Much of Majestic’s business plan depended on that support from HUD.

[HUD Secretary] Andrew Cuomo responded with alacrity, appointing a team to visit the Cornfield to assess the situation. Then, in a September 2000 Los Angeles visit, he announced that the $12 million package would not be released for the River Station without a full EIR.

Garcia lauds the victory — “This kicked off the green justice movement in Los Angeles,” he says — but laments the speed (or lack thereof) in development. “It’s been 17 years and that’s a long time in a life of a child without access to a park.”

The Grand Opening for L.A. State Historic Park is April 22, 2017, at 10 am.

Los Angeles State Historic Interim Park 2006

Read the complete KCET article.

Keeping the DREAM Alive – Hammer Museum 4/26

Wednesday, April 26, 2017 || 7:30PM
Billy Wilder Theater, Hammer Museum, Los Angeles

Click here to learn more about “Keeping the DREAM Alive” at the Hammer Museum.

Los Angeles Business Council 11th Annual Sustainability Summit – Getty Center April 28

Register now for LABC’s 11th Annual Sustainability Summit!

Click here to register and see the list of confirmed panelists.

Ana’s Hummingbird. Breakfast.

My mother’s name in spelling.

Bears Ears Nat’l Monument Solidarity & Resistance w/ Tribal Commission Respect All Cultures #Next100Coalition

The Next 100 Coalition, a diverse coalition of civil rights, environmental justice, conservation, religious and community organizations, urges this administration to uphold the Bears Ears National Monument. It is the only U.S. national monument with a primary focus on the spiritual, historical, and natural heritage of Indigenous peoples.

Next 100 celebrates the Bears Ears National Monument’s significance “not only to tribes, but to all nations and people. The Next 100 Coalition recognizes Indigenous peoples’ leadership as effective, central and necessary to the proper stewardship of U.S. land and waters. The establishment of Bears Ears National Monument and the Bears Ears Commission is an important step forward in implementing a new public lands vision and leadership model that prioritizes respect to our nation’s first Indigenous peoples.”

Click here to read the full letter.

The Next 100 Coalition advocates for greater inclusion of diverse communities in our country’s national parks and other public lands and waters. Robert García serves on the Steering Committee for the Next 100 Coalition.

#Next100Coalition #StandWithBearsEars #Monuments4All #KeepItPublic #HonorTheTribes

African American Explorations
Luke Miguel Argleben, Student Advocate
Asian Pacific Policy & Planning Council
Children & Nature Network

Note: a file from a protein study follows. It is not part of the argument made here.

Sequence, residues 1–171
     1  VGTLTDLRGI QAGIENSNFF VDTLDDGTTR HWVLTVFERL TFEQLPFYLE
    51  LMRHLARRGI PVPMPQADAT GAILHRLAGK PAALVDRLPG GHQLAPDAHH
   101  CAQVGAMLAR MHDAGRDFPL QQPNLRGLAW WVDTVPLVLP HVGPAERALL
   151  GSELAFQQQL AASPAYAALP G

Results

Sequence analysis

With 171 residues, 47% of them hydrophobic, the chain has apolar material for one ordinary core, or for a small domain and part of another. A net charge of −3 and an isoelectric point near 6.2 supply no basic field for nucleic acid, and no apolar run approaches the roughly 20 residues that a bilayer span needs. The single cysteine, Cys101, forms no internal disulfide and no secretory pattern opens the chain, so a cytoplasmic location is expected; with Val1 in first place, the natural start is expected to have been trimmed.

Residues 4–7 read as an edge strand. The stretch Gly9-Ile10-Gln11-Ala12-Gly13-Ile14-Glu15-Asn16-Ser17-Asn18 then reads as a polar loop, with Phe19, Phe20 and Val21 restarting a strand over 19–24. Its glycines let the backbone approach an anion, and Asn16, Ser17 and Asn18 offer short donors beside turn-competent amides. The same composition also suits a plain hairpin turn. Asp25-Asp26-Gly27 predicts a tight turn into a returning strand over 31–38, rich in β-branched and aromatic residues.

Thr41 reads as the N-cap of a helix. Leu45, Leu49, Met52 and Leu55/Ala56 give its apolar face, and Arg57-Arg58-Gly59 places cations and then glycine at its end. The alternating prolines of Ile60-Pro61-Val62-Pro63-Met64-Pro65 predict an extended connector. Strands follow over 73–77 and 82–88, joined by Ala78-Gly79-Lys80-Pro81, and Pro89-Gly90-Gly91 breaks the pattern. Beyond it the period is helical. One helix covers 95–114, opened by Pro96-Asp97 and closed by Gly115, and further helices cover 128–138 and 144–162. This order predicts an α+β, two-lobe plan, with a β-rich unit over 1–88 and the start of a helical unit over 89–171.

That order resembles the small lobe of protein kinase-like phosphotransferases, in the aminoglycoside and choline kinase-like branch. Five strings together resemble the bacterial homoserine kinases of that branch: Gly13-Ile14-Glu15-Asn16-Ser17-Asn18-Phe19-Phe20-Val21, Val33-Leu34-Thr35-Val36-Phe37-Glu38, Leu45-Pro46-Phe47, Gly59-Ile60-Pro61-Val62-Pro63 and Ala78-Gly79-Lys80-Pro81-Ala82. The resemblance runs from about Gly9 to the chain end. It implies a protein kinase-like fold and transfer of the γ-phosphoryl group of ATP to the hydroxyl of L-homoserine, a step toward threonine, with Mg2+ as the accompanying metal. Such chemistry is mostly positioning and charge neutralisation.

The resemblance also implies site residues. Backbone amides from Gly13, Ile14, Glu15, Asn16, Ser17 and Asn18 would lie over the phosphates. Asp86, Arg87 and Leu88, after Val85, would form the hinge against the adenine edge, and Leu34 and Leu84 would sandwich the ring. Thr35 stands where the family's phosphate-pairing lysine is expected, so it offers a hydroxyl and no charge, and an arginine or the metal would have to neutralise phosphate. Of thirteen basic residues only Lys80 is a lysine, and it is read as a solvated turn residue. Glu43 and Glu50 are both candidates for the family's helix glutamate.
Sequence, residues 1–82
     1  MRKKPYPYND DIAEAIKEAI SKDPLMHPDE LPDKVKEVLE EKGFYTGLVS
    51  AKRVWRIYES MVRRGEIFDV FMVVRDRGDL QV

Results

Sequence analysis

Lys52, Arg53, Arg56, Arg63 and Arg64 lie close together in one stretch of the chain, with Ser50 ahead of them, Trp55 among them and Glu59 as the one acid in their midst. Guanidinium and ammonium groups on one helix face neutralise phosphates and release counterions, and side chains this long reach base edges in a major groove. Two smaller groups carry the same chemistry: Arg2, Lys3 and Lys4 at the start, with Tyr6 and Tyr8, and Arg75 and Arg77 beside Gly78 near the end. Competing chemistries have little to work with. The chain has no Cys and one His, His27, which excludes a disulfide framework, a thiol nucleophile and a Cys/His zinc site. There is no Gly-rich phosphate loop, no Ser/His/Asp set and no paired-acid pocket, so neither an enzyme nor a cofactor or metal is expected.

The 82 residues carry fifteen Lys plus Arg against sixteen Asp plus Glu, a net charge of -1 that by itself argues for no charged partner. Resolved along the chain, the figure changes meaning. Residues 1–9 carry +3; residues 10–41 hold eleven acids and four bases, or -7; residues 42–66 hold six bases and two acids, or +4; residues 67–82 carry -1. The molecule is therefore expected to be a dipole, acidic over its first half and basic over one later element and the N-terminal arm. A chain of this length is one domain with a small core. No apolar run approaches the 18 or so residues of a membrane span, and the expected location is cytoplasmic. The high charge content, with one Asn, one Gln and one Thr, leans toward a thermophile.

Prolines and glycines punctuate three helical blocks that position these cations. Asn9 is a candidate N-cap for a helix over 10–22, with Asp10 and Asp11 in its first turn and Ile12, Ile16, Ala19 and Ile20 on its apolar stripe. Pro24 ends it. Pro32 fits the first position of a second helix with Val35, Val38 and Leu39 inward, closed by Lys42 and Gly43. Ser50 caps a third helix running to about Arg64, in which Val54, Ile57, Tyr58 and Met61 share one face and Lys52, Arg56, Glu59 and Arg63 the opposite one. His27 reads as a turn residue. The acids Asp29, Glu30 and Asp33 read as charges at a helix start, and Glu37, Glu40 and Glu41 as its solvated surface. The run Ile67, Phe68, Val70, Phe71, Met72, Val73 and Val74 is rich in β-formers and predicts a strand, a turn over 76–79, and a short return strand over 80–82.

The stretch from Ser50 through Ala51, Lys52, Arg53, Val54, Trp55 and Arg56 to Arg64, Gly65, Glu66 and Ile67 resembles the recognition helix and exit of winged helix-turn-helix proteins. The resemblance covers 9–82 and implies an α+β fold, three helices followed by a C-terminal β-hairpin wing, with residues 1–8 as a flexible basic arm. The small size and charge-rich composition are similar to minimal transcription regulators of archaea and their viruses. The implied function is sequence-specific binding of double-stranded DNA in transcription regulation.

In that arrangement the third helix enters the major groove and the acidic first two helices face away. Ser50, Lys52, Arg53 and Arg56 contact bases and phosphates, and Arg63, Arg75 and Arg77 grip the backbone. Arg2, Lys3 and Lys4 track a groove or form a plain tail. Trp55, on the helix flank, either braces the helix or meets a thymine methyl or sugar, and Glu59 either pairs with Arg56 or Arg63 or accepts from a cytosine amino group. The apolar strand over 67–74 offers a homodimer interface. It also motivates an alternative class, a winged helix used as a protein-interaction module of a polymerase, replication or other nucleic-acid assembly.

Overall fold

cityWILD
CLLARO (Colorado Latino Leadership, Advocacy, and Research Organization)
Conservation Lands Foundation
Diverse Environmental Leaders
ecoCheyenne
Environmental Learning for Kids
Dr. Carolyn Finney, Cultural Geographer
Freedom Riders Park
Greening Youth Foundation
GreenLatinos
HECHO (Hispanics Enjoying Camping, Hunting, and the Outdoors)
Hispanic Access Foundation
Hispanic Federation
Japanese American Citizens League
Brenda Kyle, Community Advocate
Latino Coalition for a Healthy California
Latino Outdoors
LULAC National Office
National Urban League
New Mexico Voices for Children
Outdoor Afro
Outside Las Vegas Foundation
Por La Creación Faith Based Alliance
Rural Coalition
Soul River Inc. – Runs Wild
The City Project
The Dignitas Agency
The Joy Trip Project
The Praxis Project
The Trail Posse
Valle del Sol
Vet Voice Foundation
VOCES
Voces Verdes
Voto Latino

William Coleman Civil Rights Giant

I had the honor to work or meet with members of the LDF team who won Brown v Board of Education in the US Supreme Court. William Coleman. Jack Greenberg. Constance Baker Marshall. Robert Carter. Giants who walked the earth and changed our world. We join our LDF family in celebrating Mr. Coleman’s life and work. Robert García, former LDF attorney.

Latinos r personally affected by climate change, support curbs & vote green goo.gl/4WN0gi #LatinoHealth #DefendClimate #peoplesclimate

goo.gl/4WN0gi

 

Community Based Solutions for Health Equity Charles Drew U Medicine & Science Nat’l Public Health Week Robert García Asst Prof Natl Academies

National Academies of Sciences, Engineering, and Medicine, Communities in Action: Pathways to Health Equity

The Report at a Glance www.nationalacademies.org/promotehealthequity

  • Report Highlights (PDF)
  • Comic book (PDF) by Samuel Garcia and Take Action Comics
  • Recommendations (PDF)
  • Committee’s Conceptual Model (PDF)
  • Social Media Toolkit (HTML)
  • Press-Release (HTML)